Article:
What a year, but can he do it again?
NOVAK DJOKOVIC is about to find out what it takes to follow up on a nearly unbeatable season.
The 24-year-old Serb won three of the four Grand Slams titles, lifted seven other trophies and wrested the No 1 ranking from Rafael Nadal. His 70-6 record included a staggering 41-match winning streak to begin the season.
“It was incredible,” Djokovic said. “I made so many wins in a row that I really didn’t count any more. “
Djokovic eventually fell one short of matching John Mcenroe’s record of 42 straight wins to begin the 1985 season. Despite that, the American great said the tougher competition and greater athleticism in today’s game made the Serb’s feat “more impressive”.
The run also included four wins over Nadal, all in finals. Two of them came on the Spaniard’s favourite, clay.
Djokovic, who won the Australian Open early in the season, finally lost in June when Roger Federer prevailed in the French Open semi-finals. But the Serb quickly picked himself up and swept the Wimbledon and US Open titles.
Federer seemed certain to beat Djokovic again in New York. He held two match points on serve in the fifth set of their semi-final, but Djokovic saved both – the first with a blistering forehand return winner that was one of the year’s most memorable moments.
It was also the perfect demonstration of the belief that Djokovic says was the key to his dramatic improvement after a three-year gap since his first Grand Slam title in 2008.
“The truth is that, this year, mentally I am more mature and a stronger player,” he said. “I believe on the court more in my qualities, and more that I can win against Federer and Nadal and all the top players.”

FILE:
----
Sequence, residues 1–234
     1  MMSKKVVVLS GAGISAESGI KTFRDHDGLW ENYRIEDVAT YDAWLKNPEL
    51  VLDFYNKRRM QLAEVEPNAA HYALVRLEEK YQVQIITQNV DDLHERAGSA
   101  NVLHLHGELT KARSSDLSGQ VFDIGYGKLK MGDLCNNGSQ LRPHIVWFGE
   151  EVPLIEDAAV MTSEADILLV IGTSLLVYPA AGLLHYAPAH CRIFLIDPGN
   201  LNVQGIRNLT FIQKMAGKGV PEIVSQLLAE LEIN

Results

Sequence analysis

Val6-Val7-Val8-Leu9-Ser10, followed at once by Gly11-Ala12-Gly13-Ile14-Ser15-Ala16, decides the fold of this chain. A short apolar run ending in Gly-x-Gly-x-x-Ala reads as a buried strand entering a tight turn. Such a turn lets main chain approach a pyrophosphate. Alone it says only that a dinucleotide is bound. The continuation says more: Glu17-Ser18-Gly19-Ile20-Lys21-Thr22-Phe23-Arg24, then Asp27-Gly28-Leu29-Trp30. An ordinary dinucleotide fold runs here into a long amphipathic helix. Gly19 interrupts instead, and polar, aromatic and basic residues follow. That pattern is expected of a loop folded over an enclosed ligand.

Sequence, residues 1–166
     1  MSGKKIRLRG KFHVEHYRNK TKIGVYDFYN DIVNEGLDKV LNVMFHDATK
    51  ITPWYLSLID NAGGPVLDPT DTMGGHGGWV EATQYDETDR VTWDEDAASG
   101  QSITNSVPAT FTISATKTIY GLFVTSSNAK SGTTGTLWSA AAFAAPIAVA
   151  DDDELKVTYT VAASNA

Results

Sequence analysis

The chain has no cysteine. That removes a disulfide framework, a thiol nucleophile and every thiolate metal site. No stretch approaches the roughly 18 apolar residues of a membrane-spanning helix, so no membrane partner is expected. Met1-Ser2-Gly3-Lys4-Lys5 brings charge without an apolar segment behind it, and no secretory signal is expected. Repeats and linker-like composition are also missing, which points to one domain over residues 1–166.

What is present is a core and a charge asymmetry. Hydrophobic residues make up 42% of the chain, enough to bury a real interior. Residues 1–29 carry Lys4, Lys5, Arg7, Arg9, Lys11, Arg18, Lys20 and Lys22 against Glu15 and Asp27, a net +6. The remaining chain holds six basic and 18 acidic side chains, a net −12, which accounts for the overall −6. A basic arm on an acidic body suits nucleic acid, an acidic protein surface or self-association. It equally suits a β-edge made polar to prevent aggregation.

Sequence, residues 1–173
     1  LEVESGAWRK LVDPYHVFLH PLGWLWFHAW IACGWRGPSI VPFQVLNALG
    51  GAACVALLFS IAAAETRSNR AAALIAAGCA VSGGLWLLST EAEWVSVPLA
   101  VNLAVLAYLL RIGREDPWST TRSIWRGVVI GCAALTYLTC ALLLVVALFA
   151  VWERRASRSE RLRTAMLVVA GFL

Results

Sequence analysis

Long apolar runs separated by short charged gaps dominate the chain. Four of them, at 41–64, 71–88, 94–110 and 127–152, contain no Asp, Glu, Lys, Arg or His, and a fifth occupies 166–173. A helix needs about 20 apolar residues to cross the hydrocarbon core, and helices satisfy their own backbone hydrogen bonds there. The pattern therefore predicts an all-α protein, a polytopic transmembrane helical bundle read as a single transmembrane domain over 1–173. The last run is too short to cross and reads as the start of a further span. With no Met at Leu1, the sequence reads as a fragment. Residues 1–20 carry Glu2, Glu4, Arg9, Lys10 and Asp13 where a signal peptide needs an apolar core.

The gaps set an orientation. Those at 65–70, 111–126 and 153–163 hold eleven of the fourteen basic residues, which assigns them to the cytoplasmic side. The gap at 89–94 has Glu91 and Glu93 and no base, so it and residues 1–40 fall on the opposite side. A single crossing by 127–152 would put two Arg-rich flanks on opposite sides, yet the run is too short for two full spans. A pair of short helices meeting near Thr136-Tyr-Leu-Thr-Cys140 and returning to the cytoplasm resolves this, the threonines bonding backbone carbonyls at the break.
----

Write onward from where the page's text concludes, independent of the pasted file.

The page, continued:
While Djokovic’s confidence soared, Nadal’s seemed to drain away a little more with each loss. His three titles for the season was his worst haul since 2004, and after months of complaining about the hectic calendar, Nadal left the season-ending ATP World Tour Finals stating that he had a “little bit less passion for the game”.
Spain’s Davis Cup win – their fifth since 2000 – at least provided a silver lining to a difficult season, but Nadal said dropping the team competition from his schedule in 2012 would be part of his mission to turn around his fortunes.
When Djokovic’s phenomenal season finally took its toll on his body – four of his six losses for the year came after the US Open – it wasn’t Nadal who took advantage but Federer and Andy Murray.
Murray, who spent the whole season in the top four, but still ended it without a first Grand Slam, won three straight titles in Asia while Federer ended the season with a 17- match winning streak which culminated in a record sixth title at the yearend championships in London.
The 16- time Grand Slam champion went through a season without a Major for the first time since 2002.
The failure of women’s No 1 Caroline Wozniacki to capture one of the big four tournaments was another of the season’s talking points.
The 21-year-old Dane, whose boyfriend Rory Mcilroy won his first golf Major in 2011, finished the year as the top-ranked player thanks to six WTA Tour titles even though she didn’t even reach a single Grand Slam final.
It was 21- year- old Czech Petra Kvitova who was named player of the year after a break- through season in which she won Wimbledon, led her country to the Fed Cup title and triumphed at the season-ending WTA Tour Championships.
Kim Clijsters won her fourth Grand Slam title at the Australian Open, while Li Na of China won her first at the French Open to become Asia’s first Major singles champion.
Despite a slump in form after Roland Garros, the 29- year- old Li was listed by Forbes as the eighth highestearning female athlete in the world in July. As China’s most successful sporting export, she is expected to top that list in 2012. – Sapa-ap
MAGIC YEAR: Novak Djokovic surged to the top of the world rankings with three Grand Slam titles.